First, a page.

The firms that look like they’re taking the most risk and spending money to grow usually know the numbers on what they’re going to get out of an investment. This is done through knowing what they can afford to test out a channel and then doubling down if it works.
People are the second part of the equation. A guaranteed way to never get past being a solo is to have ‘superhero syndrome’ and do everything yourself. The biggest firms hire smart, bring on the best people they can afford for a given task and do it at the right time. You end up with a team of specialists who are doing what they do best, not jack(s) of all trades who are just ok at a bunch of things and unhappy doing half of them.
AL: The Casefuel podcast, which features top experts from the world of attorney marketing, has gotten a lot of positive feedback. What are some of the favorite lessons or takeaways you’ve had from guests while doing the podcast?
Jan: One of the things I’ve been really fascinated by is the different ways people end up finding success once they have numbers and people down. I interviewed two very awesome Todds (Stanton and Villarubia) who decided to go downmarket and serve transactional work at volume and go upmarket to solve extremely high level tax problems for a very small group of people, respectively.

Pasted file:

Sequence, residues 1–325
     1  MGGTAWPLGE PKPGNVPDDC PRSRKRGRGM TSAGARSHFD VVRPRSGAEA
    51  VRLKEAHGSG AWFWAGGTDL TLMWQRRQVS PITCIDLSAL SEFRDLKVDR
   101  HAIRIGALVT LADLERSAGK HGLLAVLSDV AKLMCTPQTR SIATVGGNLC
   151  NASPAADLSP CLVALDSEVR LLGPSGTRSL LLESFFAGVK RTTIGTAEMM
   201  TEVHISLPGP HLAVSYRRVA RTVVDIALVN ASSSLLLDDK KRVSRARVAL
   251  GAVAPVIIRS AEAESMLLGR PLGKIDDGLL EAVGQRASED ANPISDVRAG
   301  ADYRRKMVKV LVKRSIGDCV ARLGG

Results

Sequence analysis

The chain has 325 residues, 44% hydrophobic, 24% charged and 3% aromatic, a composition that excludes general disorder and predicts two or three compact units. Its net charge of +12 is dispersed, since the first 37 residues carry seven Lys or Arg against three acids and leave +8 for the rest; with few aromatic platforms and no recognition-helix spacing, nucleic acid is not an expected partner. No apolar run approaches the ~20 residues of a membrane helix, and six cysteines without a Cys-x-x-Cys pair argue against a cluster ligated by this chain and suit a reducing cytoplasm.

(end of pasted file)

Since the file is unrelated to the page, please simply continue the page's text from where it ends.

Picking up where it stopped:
There’s a lot of leeway you have to make your practice once you have the basics down. It’s amazing to see how the successful owners have ended up building practices that suit their unique skills, preferences and markets.
AL: What search marketing trends have caught your interest so far this year?
Jan: We’re making a huge push towards geofencing right now. There have been a few false starts over the last 5-10 years on geofencing with secondary networks, but with the consolidation of eyeballs on the big platforms and the strength of targeting on platforms like google and facebook, we finally have the ability to target people in a certain location and serve them an ad they’ll actually click.
One of the best applications for this is actually outside of search – we’ve been getting fantastic numbers on personal injury cases targeting people killing time on facebook or instagram at hospitals, for example.
AL: What’s your top piece of marketing advice for an attorney starting out in 2019?
Jan: Set your goals from day one. Where do you want to be at the end of this journey? Do you want to be your own boss and make a healthy living or do you want to build a business? I feel like a lot of the content out there pushes people to think building a business is for everyone but it’s not. There’s nothing wrong with making a healthy six figure salary as a solo. What IS wrong is wanting the benefits of one path while walking the other.
If you’re treating your firm as an asset and are willing to hire, growth is everything. Assuming you have positive ROI marketing channels at your disposal you’ll be growing faster the more you put into it.
Don’t expect to be on the inc 5000 anytime soon if you’re running a lifestyle business and don’t expect to take a high salary if you’re putting everything back in the company. Different strokes for different folks.